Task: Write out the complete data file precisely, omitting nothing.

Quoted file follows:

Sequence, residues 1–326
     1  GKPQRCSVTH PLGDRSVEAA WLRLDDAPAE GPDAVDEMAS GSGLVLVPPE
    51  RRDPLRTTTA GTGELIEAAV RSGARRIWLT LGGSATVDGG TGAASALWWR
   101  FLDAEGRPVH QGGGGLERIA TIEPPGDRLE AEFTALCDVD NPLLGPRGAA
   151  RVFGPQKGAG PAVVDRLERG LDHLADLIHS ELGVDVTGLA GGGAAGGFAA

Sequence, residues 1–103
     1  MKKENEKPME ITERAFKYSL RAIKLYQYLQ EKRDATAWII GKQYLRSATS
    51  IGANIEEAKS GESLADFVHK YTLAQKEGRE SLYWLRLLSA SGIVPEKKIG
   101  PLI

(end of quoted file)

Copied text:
Sequence, residues 1–326
     1  GKPQRCSVTH PLGDRSVEAA WLRLDDAPAE GPDAVDEMAS GSGLVLVPPE
    51  RRDPLRTTTA GTGELIEAAV RSGARRIWLT LGGSATVDGG TGAASALWWR
   101  FLDAEGRPVH QGGGGLERIA TIEPPGDRLE AEFTALCDVD NPLLGPRGAA
   151  RVFGPQKGAG PAVVDRLERG LDHLADLIHS ELGVDVTGLA GGGAAGGFAA

Sequence, residues 1–103
     1  MKKENEKPME ITERAFKYSL RAIKLYQYLQ EKRDATAWII GKQYLRSATS
    51  IGANIEEAKS GESLADFVHK YTLAQKEGRE SLYWLRLLSA SGIVPEKKIG
   101  PLI